Cold nights trigger growth of winter weeds


By Ted Manzer

Friday, November 10, 2017

I looked out at my lawn the other day and noticed how green it was getting again. At first I thought the cold nights we’ve experienced had only slowed the growth of my grass a little. When I looked closer I saw the truth.

All the cool-season weeds had begun to make their appearance. Some were obvious, like chickweed and henbit. They are broadleaf weeds.

Grassy weeds like annual bluegrass and grass-like ones like wild garlic were beginning to show themselves too. One has to look a little closer to notice them. They look a lot like the rest of the grass.

I shrugged my shoulders. None of this really bothers me. All it means is I might have to mow my lawn one or two more times. Winter annual weeds will melt out once things warm up in spring.

For some folks it is a big deal, and for them I’ll discuss how to tackle the problem. The weather forecast for the next few weeks is mild. This means these weeds will grow like crazy. It also means that they’re very susceptible to being killed by herbicides.

Weed killers work best when plants are actively growing. In cold weather plant growth slows down and the weeds don’t absorb as much chemical. Consequently, herbicides aren’t as effective.

During favorable weather most broadleaf chemicals will wipe out clover, dandelions, chickweed, henbit, dead nettle wild geranium and other cool-season weeds in short order. The grassy and grass-like weeds are a little tougher.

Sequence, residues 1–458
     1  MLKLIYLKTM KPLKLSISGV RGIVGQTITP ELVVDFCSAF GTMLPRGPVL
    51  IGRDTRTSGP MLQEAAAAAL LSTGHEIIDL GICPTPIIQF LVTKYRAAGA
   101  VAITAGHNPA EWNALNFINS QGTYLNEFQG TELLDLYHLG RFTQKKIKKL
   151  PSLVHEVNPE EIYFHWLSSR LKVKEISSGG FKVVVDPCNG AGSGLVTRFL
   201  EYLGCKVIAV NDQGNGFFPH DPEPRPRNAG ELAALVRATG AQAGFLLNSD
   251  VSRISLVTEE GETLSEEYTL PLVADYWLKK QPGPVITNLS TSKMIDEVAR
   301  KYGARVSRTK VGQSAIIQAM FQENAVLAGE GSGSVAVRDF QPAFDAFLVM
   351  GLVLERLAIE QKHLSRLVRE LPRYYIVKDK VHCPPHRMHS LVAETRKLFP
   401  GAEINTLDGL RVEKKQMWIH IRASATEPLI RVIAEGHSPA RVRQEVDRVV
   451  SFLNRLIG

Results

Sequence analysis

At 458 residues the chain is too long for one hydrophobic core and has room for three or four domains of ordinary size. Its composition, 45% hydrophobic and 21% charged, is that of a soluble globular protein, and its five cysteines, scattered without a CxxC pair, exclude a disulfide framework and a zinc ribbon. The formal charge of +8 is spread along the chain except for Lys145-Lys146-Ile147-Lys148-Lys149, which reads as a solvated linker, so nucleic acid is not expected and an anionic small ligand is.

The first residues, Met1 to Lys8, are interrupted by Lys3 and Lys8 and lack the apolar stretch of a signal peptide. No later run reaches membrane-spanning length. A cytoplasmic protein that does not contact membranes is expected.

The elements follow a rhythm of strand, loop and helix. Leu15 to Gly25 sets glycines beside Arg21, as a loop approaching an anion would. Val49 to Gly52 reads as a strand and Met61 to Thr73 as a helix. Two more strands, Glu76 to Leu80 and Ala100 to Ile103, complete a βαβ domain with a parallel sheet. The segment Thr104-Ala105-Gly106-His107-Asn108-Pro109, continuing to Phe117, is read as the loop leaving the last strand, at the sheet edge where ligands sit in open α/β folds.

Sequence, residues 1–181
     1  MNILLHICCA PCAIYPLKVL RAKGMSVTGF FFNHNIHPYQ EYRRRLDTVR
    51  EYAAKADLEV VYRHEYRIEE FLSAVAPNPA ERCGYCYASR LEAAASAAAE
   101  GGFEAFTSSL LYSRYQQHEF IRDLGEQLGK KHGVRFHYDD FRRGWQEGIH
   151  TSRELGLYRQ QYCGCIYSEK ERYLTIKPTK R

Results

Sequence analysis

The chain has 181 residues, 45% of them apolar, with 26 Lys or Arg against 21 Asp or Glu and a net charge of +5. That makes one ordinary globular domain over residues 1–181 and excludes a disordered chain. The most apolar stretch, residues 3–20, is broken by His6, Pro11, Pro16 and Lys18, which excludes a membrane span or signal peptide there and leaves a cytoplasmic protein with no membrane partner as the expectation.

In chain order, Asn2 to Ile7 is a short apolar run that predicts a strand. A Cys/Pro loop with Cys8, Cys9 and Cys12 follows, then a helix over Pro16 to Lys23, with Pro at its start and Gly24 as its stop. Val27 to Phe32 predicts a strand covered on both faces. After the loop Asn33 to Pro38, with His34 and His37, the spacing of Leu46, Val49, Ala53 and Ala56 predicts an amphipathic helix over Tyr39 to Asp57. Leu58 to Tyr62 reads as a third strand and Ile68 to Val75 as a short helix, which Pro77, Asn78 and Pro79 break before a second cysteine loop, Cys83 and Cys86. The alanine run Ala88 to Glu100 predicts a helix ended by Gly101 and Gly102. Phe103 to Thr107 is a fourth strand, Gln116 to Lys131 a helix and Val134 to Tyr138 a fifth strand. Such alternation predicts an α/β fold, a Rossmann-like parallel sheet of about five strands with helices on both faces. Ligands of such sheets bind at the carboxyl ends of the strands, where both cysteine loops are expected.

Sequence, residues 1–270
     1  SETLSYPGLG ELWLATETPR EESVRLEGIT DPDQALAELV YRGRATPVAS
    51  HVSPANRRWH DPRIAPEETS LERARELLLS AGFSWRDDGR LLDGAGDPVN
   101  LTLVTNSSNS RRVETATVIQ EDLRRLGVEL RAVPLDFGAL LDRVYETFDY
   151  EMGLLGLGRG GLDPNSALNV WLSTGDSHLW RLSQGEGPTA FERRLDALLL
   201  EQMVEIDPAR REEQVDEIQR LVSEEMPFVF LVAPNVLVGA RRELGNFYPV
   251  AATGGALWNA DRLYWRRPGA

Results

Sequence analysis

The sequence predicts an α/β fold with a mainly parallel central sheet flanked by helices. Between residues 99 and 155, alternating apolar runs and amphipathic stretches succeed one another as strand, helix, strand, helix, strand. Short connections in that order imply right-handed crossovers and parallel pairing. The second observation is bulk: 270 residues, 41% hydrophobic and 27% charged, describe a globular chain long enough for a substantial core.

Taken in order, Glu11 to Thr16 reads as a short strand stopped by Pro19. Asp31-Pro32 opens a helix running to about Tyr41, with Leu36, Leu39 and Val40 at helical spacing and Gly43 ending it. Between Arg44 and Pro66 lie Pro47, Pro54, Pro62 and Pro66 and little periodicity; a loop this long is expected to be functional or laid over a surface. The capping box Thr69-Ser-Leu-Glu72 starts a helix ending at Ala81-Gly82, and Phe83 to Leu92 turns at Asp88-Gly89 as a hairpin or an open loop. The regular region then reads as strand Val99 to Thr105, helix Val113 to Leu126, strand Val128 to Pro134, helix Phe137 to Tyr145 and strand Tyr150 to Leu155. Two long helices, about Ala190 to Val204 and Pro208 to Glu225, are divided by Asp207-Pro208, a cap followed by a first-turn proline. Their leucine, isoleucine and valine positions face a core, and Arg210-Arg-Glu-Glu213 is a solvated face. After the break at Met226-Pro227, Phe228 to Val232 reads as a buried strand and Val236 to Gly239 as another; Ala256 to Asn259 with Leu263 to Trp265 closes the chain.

Annual bluegrass is that grass that sends out prolific seed heads at low cutting heights. Most turf professionals consider it the most troublesome cool-season weed in turf.

Dimension is a pre-emergent granular herbicide that’s effective against annual bluegrass. Unfortunately it’s too late for it to work. Annual bluegrass has already begun to grow. Pre-emergent chemicals are great because they prevent seeds from sprouting. They’re worthless once plants begin to grow.

Pendimethalin is another common pre-emergent chemical. It is the one found in ‘Halts’ and can be bought in most garden centers. Again, if this chemical was not applied to the soil a couple months ago you’re out of luck.

Several chemicals can kill annual bluegrass in warm-season turf, but most of them are restricted use only. That means one must obtain a pesticide license to apply those products. If you can tolerate the weed for another month or so, Round-up is an effective control in dormant warm-season turf. Pick a warm winter day to apply it and spot treat as much as possible.

Image is a chemical that will kill wild onion and garlic. However, it should not be used on fescue lawns. In fact it should not be used in warm-season turf in spring or early summer.

If infestations of these pungent perennial weeds are light, the best control method is to dig them out. That’s probably the only safe method for fescue lawns.

As for me, wild onions and garlic aren’t a problem. When the grass turns brown, I go out and harvest them. They’re great on baked potatoes.

Ted Manzer teaches agriculture at Northeastern High School.